“The artist is always a participant. He tries to be true not only to his craft but also to himself. For it is the supreme duty of the artist to investigate the truth, no matter what forces attempt to hide it. And then to report it to the people, to confront them with it, like a whiplash that will cause wounds but will free the mind from the various fantasies and escapist fare that the Establishment pollutes our minds with. ” – Lino Brocka
Everyone is a chronicler of truth, but we cannot stop in being witnesses alone. Catalino Ortiz Brocka, or distinctively known as Lino Brocka might have other plans prior to his flourishing yet controversial career as a filmmaker, but he was not able to hamper his fervor and ability towards art.
Lino Brocka was born to a fisherman and a schoolteacher in Pilar, Sorsogon on April 7, 1939. He pursued a degree in English Literature at the University of the Philippines, and was an active member of UP Dramatic Club, from the time when he was eager in becoming an actor.
He graduated from high school with six medals, and attained a scholarship from University of The Philippines. However, he decided to leave his studies for missionary works. He became one of the first converts of Later Day Saints (LDS) in the country , and he served as a Mormon missionary in a leper colony of Hawaii, of island Molokai.
After his life as a faithful missionary, he began to thrive in directing and writing for both the stage and television. Brocka engaged in films that mainstream filmmakers have failed to depict: issues like poverty, oppression and corruption in the government.
His first film was in the year 1970, “Wanted: A Perfect Mother”, became an official entry to the 5th Manila Film Festival in 1970. Through his movie Insiang in 1976 that portrayed the marginalized sector during Marcos’ regime, his career as a filmmaker began to grow, where it internationally gained attention, despite the local government’s censorship.
He and his friends established CINEMANILA, a movie company that produced award winning films such as “Tinimbang Ka Ngunit Kulang.” Eventually, the company closed down but his advocacy did not stop.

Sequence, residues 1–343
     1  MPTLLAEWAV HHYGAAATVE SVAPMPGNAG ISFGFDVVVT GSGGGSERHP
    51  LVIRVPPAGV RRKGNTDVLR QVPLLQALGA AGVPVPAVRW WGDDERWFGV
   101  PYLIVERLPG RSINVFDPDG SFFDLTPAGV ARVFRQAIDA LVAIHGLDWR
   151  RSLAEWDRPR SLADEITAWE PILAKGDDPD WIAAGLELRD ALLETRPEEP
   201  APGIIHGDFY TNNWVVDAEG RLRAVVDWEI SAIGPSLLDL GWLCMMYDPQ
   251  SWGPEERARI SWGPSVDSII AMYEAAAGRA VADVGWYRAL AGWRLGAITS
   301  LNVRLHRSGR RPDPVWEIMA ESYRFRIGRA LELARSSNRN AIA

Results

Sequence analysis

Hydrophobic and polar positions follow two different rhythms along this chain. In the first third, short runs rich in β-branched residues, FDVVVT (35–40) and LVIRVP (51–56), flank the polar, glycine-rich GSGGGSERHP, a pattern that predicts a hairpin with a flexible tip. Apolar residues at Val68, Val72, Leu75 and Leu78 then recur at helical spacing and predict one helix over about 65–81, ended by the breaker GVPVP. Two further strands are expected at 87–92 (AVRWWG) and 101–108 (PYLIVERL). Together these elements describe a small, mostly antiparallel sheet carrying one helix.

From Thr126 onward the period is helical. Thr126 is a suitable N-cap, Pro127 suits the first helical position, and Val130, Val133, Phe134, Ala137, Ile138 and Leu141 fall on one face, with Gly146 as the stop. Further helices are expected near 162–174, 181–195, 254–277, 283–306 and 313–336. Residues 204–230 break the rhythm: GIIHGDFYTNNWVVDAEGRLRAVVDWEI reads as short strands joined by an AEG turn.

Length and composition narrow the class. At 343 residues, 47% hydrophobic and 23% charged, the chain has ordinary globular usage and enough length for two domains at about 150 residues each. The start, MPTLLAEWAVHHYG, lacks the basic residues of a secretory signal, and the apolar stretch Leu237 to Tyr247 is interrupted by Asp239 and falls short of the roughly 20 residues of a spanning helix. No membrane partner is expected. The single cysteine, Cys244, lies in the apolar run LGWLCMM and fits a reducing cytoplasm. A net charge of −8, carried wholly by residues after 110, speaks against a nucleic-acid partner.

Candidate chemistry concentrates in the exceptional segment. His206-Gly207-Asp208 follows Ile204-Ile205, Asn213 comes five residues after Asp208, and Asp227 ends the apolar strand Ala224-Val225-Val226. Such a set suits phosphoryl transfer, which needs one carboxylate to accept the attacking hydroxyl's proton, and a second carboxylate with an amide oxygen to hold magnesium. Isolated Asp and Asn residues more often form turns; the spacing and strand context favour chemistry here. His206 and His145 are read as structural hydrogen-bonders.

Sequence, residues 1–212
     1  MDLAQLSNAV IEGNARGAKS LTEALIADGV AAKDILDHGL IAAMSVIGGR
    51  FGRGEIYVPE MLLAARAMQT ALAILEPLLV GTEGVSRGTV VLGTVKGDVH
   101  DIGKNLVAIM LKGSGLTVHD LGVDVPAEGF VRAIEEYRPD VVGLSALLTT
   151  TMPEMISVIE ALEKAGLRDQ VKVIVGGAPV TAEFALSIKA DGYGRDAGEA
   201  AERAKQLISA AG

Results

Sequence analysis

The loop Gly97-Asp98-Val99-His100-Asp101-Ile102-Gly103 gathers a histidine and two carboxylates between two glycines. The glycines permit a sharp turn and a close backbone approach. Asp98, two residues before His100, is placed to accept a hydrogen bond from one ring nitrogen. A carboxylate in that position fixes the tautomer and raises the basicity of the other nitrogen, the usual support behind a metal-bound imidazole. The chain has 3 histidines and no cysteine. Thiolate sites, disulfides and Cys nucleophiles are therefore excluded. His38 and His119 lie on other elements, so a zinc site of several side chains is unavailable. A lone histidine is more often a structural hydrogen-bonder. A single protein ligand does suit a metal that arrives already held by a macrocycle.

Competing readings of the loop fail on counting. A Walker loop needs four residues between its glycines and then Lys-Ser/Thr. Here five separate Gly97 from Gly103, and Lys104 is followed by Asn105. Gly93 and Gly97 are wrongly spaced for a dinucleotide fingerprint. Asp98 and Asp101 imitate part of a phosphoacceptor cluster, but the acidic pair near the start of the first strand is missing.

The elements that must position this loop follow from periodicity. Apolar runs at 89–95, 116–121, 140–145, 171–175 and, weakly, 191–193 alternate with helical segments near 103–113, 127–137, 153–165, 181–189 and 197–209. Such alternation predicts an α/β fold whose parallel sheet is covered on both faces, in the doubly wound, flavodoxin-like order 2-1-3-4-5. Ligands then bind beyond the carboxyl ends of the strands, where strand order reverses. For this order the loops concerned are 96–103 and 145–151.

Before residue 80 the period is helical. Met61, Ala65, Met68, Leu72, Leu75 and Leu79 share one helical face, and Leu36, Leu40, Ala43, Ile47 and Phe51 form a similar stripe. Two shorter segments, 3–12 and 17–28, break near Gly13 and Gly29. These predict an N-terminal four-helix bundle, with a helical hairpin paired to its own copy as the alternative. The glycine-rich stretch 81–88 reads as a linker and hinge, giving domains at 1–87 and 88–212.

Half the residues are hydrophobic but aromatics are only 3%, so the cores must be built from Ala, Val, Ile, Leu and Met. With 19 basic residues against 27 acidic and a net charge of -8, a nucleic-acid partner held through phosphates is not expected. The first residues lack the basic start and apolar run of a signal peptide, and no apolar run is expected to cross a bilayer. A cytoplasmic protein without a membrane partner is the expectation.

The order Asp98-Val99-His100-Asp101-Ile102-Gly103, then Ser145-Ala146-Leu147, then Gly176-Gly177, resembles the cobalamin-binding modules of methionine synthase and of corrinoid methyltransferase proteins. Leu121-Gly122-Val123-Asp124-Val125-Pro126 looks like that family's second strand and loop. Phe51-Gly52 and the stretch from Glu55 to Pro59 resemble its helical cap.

Brocka refused to produce films in favor of the Marcos regime, and despite the career he found in filmmaking, he founded the Free the Artists movement and the Concerned Artists of the Philippines (CAP) in opposition to the government’s restriction of freedom of expression. CAP asserts that an artist should be of the people, for the people, tackling social issues in the country.
He then cried for social justice, demonstrating present realities such as suppression and censorship, making him a critic of Marcos. After Marcos was brought down from the government, Lino Brocka’s fight didn’t stop. He continued to make critical films even in Corazon Aquino regime.
His French co-production L’Insoumis or Orapronobis in 1989 boldly depicted the anarchy and fear from which people suffered after the Marcos administration. He was a fearless critic, communicating to the people the reality present through his films, that even having to attain restrictions and censorships during the Martial Law, his films were smuggled abroad for screenings.
Through the use of film, he was able to fight and stand against any oppression, which broke the grounds of any filmmakers hold. His struggle for rights and freedom has awakened not just the other filmmakers, but the people who also appreciate art.
He received a Ramon Magsaysay Award in 1987, honoring his contributions in Literature, Communication Arts and Journalism. Even after his death in 1991, he was proclaimed as the National Artist of the Philippines for Film in 1997.
Lino Brocka, a filmmaker and a social activist, used what he had to instill critical awareness on social and political injustice to the Filipino people. Despite gaining admiration and criticisms due to his controversial films, he left a mark through his role he partook in initiating change. Genevieve Sarmiento and Niña Uy | Tudla Productions